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EMC's Coviello: 'Security vendors do not sell fear'

The head of EMC's RSA Security division says security must be built into the storage infrastructure, rather than bolted-on products.

Just because almost every company is looking for ways to make their data storage more secure, it doesn't mean they...

welcome security vendors with open arms.

Alan Lustiger, security architect of TD Ameritrade, began a talk on data security last week at Storage Networking World (SNW) by saying, "I really dislike vendors. They tend to be alarmists. They come to you and say, 'You have a problem.'"

The next day, one of the best-known security vendor executives in the business got a chance to refute that comment. "I bristle when I hear, as a security vendor, I only sell fear," said Art Coviello, president of EMC Corp.'s RSA Security division, during his keynote speech, in which he branded the notion "nonsense."

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Coviello said the best way to sell security is to build it into the IT infrastructure, and that was the driving force behind EMC's $2.1 billion acquisition of RSA last year. He pointed to his attendance at the storage show and its inclusion of many security topics on the agenda as proof of the emerging integration of storage and security.

"I am the security guy," he said. "This is my first storage conference. But I'm happy to see, when I looked at the agenda, I would not be speaking in a world of terabytes, petabytes and exabytes. And I don't have to explain why RSA is a part of EMC."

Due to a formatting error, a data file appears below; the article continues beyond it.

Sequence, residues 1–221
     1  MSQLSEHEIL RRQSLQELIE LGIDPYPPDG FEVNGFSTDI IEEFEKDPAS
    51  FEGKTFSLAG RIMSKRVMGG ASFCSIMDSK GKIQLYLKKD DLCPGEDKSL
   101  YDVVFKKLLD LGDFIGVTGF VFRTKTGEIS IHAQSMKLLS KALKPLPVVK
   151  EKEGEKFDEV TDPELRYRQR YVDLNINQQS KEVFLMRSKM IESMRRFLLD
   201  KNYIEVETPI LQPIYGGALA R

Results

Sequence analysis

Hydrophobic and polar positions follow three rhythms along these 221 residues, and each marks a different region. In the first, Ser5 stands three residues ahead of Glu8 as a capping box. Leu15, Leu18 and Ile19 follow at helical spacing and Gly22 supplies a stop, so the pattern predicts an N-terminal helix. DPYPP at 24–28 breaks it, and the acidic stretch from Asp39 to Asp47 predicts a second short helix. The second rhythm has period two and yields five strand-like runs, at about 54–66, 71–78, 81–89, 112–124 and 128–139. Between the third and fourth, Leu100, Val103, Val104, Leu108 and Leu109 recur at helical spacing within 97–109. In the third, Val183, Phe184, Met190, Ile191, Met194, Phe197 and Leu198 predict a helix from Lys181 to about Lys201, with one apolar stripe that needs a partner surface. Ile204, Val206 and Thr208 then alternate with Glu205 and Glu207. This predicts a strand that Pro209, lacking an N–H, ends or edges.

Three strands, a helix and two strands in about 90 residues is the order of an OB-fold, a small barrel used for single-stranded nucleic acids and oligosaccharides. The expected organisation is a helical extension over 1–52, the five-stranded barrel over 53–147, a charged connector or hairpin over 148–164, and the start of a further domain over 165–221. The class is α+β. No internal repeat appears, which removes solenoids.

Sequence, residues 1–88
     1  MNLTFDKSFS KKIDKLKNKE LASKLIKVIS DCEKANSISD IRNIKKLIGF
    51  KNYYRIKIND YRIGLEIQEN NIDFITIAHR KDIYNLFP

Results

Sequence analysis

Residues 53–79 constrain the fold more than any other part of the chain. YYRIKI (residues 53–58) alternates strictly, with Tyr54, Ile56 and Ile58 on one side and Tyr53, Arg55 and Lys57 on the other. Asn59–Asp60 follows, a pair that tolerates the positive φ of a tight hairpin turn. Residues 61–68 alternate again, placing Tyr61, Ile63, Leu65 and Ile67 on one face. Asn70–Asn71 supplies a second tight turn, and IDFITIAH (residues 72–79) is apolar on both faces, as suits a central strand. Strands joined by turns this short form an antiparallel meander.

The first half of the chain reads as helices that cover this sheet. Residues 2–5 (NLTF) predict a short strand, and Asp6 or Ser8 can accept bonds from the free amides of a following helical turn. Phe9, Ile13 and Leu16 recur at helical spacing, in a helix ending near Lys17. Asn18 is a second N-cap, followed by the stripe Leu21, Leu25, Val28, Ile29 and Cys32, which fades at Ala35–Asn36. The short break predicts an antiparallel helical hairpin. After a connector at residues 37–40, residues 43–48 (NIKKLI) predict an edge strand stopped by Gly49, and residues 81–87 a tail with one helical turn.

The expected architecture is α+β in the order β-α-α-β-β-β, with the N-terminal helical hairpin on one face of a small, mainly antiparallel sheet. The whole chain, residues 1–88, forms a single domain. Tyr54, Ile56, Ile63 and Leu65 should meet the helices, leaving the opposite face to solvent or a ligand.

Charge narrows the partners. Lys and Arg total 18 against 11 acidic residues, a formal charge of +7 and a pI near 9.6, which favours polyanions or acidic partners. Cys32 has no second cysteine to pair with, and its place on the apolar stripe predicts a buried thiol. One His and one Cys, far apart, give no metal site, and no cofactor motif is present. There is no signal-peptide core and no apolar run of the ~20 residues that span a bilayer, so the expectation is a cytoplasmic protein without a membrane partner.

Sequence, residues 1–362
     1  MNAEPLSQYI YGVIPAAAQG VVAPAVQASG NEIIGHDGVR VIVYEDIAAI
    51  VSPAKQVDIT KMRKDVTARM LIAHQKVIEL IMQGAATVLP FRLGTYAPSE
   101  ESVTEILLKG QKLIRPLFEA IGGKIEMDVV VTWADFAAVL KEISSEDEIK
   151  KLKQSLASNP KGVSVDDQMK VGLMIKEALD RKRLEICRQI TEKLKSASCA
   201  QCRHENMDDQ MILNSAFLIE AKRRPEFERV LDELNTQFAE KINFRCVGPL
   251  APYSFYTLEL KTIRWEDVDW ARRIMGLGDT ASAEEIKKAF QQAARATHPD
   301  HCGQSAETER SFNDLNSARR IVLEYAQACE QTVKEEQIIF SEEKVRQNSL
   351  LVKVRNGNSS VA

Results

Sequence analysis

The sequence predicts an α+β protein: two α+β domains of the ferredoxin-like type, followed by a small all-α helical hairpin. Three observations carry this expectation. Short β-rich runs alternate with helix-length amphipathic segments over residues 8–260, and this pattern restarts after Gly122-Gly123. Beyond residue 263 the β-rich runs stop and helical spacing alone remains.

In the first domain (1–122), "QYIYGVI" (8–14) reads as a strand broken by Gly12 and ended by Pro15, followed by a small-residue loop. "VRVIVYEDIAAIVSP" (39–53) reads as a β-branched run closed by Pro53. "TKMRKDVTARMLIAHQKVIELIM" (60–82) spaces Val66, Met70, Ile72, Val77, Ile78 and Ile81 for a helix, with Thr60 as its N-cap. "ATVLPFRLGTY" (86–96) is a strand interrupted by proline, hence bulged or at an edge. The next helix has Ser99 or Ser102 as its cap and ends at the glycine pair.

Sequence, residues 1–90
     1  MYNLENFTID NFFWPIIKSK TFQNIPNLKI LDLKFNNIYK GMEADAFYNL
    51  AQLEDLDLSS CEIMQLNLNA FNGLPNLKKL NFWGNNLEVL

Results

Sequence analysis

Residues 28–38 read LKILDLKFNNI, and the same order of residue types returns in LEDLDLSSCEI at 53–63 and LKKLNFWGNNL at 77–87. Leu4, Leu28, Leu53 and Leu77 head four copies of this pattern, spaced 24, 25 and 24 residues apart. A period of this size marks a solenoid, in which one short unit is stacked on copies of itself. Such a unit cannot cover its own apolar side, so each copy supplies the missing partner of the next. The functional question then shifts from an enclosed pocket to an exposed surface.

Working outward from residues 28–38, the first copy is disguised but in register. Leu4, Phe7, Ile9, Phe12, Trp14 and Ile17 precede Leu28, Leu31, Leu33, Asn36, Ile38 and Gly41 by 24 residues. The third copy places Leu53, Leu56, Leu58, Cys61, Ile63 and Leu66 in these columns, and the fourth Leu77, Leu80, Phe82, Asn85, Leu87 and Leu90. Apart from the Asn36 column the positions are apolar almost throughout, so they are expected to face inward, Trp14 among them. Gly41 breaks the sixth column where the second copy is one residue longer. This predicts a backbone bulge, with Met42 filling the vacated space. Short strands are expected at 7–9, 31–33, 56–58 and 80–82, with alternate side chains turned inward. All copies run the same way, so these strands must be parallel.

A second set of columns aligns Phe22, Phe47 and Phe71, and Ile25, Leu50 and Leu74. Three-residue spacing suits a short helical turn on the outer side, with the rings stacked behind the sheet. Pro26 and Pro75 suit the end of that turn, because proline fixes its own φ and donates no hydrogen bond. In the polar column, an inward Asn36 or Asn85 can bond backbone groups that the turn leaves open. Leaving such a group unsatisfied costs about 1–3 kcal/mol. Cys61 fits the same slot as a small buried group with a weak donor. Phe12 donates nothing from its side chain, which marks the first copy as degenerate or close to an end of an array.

After his speech, caught up with the "security guy" for a Q&A session.

SearchStorage: At the RSA Conference in February, you said there would be no standalone security business in three years. Does that mean RSA needed to become part of a systems or an infrastructure company to survive?

Art Coviello: I didn't mean there would not be standalone security applications. There will always be some level of specialization from the sales and development standpoints. What you will see is technologies integrated -- and not just security technologies. There are over 100 technology integrations going on at EMC, roughly 20 in security. All of these technologies will get leveraged. What we're looking to do is share services across a common security platform. We'll integrate authorization, access control, encryption and so on into EMC products. We're also building a common management platform with Smarts and other technologies.

SearchStorage: Did you expect an EMC or another large company to come after RSA?

Coviello: When EMC came calling, I was surprised because I didn't think they were that smart. Well, I don't know if I want to say that. [Editor's note: Too late]. But they are that smart.

Customers were starting to demand that EMC have security built in. EMC created a security group, and that led them to RSA. You need to encrypt data for legal purposes. Then you have keys for encryption, so you need key management. Then you need access control, who's going to need access to your data? So you need authorization. Who's the one company that does key management, encryption, access and authorization control? RSA. Then we started to build in auditing and logging around our applications.